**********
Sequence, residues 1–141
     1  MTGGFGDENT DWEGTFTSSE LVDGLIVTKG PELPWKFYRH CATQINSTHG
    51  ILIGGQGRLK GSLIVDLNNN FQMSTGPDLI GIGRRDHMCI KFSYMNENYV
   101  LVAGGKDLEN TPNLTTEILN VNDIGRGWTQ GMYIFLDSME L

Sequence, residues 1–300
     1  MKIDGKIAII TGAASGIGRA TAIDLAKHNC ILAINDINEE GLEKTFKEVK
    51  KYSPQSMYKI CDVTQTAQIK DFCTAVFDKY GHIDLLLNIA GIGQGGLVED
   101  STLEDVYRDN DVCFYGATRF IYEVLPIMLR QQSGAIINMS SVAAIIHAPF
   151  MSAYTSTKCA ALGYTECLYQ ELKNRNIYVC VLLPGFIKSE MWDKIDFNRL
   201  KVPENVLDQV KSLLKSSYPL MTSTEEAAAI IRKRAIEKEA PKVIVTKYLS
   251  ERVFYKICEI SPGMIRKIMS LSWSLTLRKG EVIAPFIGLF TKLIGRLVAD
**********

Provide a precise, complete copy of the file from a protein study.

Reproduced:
Sequence, residues 1–141
     1  MTGGFGDENT DWEGTFTSSE LVDGLIVTKG PELPWKFYRH CATQINSTHG
    51  ILIGGQGRLK GSLIVDLNNN FQMSTGPDLI GIGRRDHMCI KFSYMNENYV
   101  LVAGGKDLEN TPNLTTEILN VNDIGRGWTQ GMYIFLDSME L

Sequence, residues 1–300
     1  MKIDGKIAII TGAASGIGRA TAIDLAKHNC ILAINDINEE GLEKTFKEVK
    51  KYSPQSMYKI CDVTQTAQIK DFCTAVFDKY GHIDLLLNIA GIGQGGLVED
   101  STLEDVYRDN DVCFYGATRF IYEVLPIMLR QQSGAIINMS SVAAIIHAPF
   151  MSAYTSTKCA ALGYTECLYQ ELKNRNIYVC VLLPGFIKSE MWDKIDFNRL
   201  KVPENVLDQV KSLLKSSYPL MTSTEEAAAI IRKRAIEKEA PKVIVTKYLS
   251  ERVFYKICEI SPGMIRKIMS LSWSLTLRKG EVIAPFIGLF TKLIGRLVAD